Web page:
We live in an era where progress stems from international relations, and universities in Japan are fully aware of this. The call for producing graduates who are ready for globalization is high, and so is the cost. This is why ‘international dormitories’ is becoming a necessity in any university.
At International Christian University (ICU) in Mitaka, Tokyo, students are often equally divided between Japanese and non-Japanese in every dormitory room. This tends to force Japanese students to be more familiar with conversational English, and vice versa. ICU Deputy Dean of students Takashi Kibe says that this is a chance for students to learn about each other’s cultural differences and work their way around them. Reitaku University is also set to expand its own global dormitories for the 2013 school year, as it opens one on its campus in Kashiwa, Chiba Prefecture. The boarding school’s president Osamu Nakayama said that it has proven to be a very effective measure, noting graduates who are now working abroad and fitting in like a glove in their new environment. Waseda University and Shibaura Institute of Technology are also set to build and operate their own international dormitories.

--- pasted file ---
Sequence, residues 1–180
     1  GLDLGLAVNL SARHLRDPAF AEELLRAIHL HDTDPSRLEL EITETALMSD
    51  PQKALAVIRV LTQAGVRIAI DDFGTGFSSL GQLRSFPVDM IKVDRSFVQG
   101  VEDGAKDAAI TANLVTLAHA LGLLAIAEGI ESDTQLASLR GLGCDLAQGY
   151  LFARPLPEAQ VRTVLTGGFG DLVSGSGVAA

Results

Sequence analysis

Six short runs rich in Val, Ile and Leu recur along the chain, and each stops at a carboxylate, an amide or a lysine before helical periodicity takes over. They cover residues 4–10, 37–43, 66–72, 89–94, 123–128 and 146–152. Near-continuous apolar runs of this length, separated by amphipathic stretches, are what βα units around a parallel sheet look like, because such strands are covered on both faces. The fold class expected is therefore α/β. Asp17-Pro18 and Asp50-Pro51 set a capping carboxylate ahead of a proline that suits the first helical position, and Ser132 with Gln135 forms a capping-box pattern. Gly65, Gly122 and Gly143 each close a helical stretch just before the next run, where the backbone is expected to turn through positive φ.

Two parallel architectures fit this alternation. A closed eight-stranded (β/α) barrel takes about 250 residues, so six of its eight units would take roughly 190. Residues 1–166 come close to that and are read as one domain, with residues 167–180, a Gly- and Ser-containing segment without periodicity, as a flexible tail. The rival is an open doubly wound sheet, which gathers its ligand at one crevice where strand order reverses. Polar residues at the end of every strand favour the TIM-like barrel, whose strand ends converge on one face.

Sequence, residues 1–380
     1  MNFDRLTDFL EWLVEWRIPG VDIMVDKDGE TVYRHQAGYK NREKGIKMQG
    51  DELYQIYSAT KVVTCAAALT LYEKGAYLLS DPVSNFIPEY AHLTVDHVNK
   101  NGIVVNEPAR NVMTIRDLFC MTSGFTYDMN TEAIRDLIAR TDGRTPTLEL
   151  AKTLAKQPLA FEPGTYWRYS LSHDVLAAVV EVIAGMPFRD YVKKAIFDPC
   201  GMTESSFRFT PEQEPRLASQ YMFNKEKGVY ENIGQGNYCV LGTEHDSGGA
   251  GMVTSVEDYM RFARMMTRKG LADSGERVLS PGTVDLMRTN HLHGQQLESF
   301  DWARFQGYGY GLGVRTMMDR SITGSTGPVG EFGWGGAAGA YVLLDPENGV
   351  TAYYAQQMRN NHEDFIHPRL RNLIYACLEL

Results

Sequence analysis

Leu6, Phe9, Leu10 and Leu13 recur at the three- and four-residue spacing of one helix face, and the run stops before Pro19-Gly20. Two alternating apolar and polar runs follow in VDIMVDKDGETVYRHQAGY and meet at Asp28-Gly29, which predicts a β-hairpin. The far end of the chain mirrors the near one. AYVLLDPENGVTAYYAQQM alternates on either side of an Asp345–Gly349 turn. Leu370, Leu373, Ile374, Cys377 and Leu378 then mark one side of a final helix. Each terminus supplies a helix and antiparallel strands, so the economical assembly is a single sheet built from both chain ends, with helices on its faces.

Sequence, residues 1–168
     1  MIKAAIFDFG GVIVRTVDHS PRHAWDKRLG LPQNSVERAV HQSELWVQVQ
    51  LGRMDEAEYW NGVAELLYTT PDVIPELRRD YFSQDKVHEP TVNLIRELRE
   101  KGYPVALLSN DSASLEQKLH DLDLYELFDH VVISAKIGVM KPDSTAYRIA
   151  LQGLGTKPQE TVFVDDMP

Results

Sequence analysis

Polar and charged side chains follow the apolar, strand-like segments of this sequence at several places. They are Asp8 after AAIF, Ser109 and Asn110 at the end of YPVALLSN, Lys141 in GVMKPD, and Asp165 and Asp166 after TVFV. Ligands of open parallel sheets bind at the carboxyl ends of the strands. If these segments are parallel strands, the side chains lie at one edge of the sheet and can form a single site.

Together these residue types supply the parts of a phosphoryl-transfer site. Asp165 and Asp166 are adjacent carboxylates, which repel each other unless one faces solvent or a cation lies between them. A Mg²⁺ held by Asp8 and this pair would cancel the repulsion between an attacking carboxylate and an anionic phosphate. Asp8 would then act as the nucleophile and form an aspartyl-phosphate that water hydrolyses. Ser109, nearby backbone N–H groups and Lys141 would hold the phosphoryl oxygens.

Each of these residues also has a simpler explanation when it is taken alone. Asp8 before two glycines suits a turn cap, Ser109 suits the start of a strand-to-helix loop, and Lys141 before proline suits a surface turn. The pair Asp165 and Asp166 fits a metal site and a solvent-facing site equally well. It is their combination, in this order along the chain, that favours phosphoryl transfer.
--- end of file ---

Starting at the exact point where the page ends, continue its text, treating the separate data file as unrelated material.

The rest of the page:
Indeed, employers are actively seeking graduates who are fluent in foreign languages as they bring their businesses to an international scale. But, Japanese students studying abroad are dwindling because of the extremely high costs they entail. Those who wish to study at universities in the United States and Europe must be ready to shell out tuitions and living expenses that could amount to more than 2.5 million yen (approx. $26,400) per year. The international dormitories provide for a much cheaper alternative and the comfort that students are never really that far away from home.
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